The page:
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we had a programing lesson today. Very easy exercise in console. I wrote a loop to load from console char by char by getchar() with assignment, all of these in loop term.

char c;
while((c = getchar()) != '\n'){
...

Someone says, that this isn't safe to use, others says, that in C/C++ I can do this, but not in C#.

I tried this

string s;
if((s = Console.ReadLine()) != ""){
...

But this also works, so I don't understand why this is unsafe. Or isn't it?

Edit:\ I also read this Why would you use an assignment in a condition? but this isn't answer to my question at all.

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closed as not a real question by casperOne Oct 24 '12 at 12:46

It's difficult to tell what is being asked here. This question is ambiguous, vague, incomplete, overly broad, or rhetorical and cannot be reasonably answered in its current form. For help clarifying this question so that it can be reopened, visit the help center.If this question can be reworded to fit the rules in the help center, please edit the question.

    
In the second case should it be "\n" or "" is correct ? –  Omkant Oct 24 '12 at 12:40
    
Those are not equivalent statements. –  asawyer Oct 24 '12 at 12:40
1  
Please expand upon what "safe" really means here. It's impossible to give an answer unless we know what the exact concerns are. Unsafe to you might not be a concern to others (for example, I have no problem doing assignments in conditional checks, I'm comfortable with it, it's safe because I understand it, but others might feel differently). –  casperOne Oct 24 '12 at 12:47
1  
Someone says, that this isn't safe to use Did you ask "Someone" why they felt it wasn't "safe"? –  Mike Oct 24 '12 at 12:52
5  
And what sort of a git closes this? He posts invalid code, and asks why it is invalid. I can't think of a more legitimate question (even if he's somewhat vague about why he isn't sure of the code). –  James Kanze Oct 24 '12 at 12:52

2 Answers 2

up vote 2 down vote accepted

The main operation in your sample is != which is not an assignment. What you can not do in C# (And I think it was the right design decision) is something like this:

if (s = "")
...

The problem here is that it is very similar to the usual equals operator ==. There are cases when this code is intentional, but usually it is a typo which is very difficult to find. Compare it with this:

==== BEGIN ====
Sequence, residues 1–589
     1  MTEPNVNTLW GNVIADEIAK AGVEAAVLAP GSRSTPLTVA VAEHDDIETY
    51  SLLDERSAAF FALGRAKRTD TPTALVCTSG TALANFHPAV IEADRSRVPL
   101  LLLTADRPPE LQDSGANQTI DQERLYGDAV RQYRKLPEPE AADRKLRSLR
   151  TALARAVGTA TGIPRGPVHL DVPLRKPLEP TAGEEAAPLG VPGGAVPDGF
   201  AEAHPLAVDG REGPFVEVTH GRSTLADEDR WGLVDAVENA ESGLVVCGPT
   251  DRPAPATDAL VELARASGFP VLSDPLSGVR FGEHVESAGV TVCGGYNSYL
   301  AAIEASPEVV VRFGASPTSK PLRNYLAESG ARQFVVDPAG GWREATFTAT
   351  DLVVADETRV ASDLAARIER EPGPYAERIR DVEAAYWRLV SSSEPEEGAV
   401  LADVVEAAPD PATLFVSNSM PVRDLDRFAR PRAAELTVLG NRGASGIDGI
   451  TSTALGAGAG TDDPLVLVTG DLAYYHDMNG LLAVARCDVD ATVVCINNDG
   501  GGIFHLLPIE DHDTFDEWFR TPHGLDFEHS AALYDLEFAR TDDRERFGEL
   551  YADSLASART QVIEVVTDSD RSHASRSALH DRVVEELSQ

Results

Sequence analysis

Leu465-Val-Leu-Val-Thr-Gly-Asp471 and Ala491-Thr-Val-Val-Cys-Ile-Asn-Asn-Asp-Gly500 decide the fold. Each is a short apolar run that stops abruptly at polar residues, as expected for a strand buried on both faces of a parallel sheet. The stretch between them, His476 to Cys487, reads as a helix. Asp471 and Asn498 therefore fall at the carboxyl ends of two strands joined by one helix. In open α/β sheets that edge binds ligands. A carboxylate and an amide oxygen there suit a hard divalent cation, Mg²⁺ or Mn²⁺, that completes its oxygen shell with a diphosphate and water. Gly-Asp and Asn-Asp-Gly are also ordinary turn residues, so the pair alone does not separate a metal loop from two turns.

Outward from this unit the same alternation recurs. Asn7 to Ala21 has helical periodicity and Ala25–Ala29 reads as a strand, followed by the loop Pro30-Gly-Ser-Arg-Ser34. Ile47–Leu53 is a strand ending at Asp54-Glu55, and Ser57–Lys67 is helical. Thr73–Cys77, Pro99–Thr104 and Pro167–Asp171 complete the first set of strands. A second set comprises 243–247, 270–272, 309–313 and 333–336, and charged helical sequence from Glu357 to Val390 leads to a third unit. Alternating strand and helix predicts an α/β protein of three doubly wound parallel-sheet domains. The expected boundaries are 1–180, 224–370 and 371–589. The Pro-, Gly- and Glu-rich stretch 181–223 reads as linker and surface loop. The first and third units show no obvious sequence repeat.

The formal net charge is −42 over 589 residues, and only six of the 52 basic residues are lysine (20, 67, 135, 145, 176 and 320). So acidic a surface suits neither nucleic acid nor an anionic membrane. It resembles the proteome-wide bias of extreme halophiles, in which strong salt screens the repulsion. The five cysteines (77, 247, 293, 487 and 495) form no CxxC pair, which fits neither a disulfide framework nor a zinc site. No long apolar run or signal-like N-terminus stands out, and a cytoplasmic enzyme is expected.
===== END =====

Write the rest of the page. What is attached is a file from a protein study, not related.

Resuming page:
if (s == "")
...

When you are looking for a bug in your code, you can easily overlook this.

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He's asking about safety, not readability. The unsafe aspect of his code (and in this case, "unsafe" means that it doesn't work correctly for certain inputs, and in fact results in a endless loop) is the fact that he assigns an int to a char, when certain values the int can take won't fit in a char. –  James Kanze Oct 24 '12 at 12:47
    
Fortunately, modern c++ compilers would emit a warning when encoutering if (s = "") and suggest if ((s = "")). –  arnoo Oct 24 '12 at 12:50

One can argue about the readability of such code (and it wouldn't pass code review at most places I've worked), but the problem isn't the fact that there is an assignment. The problem is the fact that getchar() doesn't return a char, it returns an int. And that the set of possible return values won't fit in a char. If you change your code to:

int c;
while ( (c = getchar()) != EOF && c != '\n' ) {
...

it would be "safe" (but I still wouldn't want to maintain it). If you do want the update of c in the loop control, use a for loop:

for ( int c = getchar(); c != EOF && c != '\n'; c = getchar() ) {
...

This is at least readable.

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wouldn't pass code review at most places I've worked the assignment in a condition, or the fact that the return of getchar() is being stored into a char? I'd be surprised if it was the former, seems to be to be a fairly common practice. –  Mike Oct 24 '12 at 12:53
    
@Mike Both, but what I was thinking of was the assignment in a conditional. Single statements that do more than one thing generally make code difficult to read. (On the other hand, the a lot of places would make an exception to side effects in a conditional for the single case of IO, and things like while ( std::getline(...) ) are widespread and idiomatic, despite the hidden assignment.) –  James Kanze Oct 25 '12 at 7:23
    
The for loop version is illegal in C. I would prefer the while loop version. –  ctype.h Oct 26 '12 at 17:52

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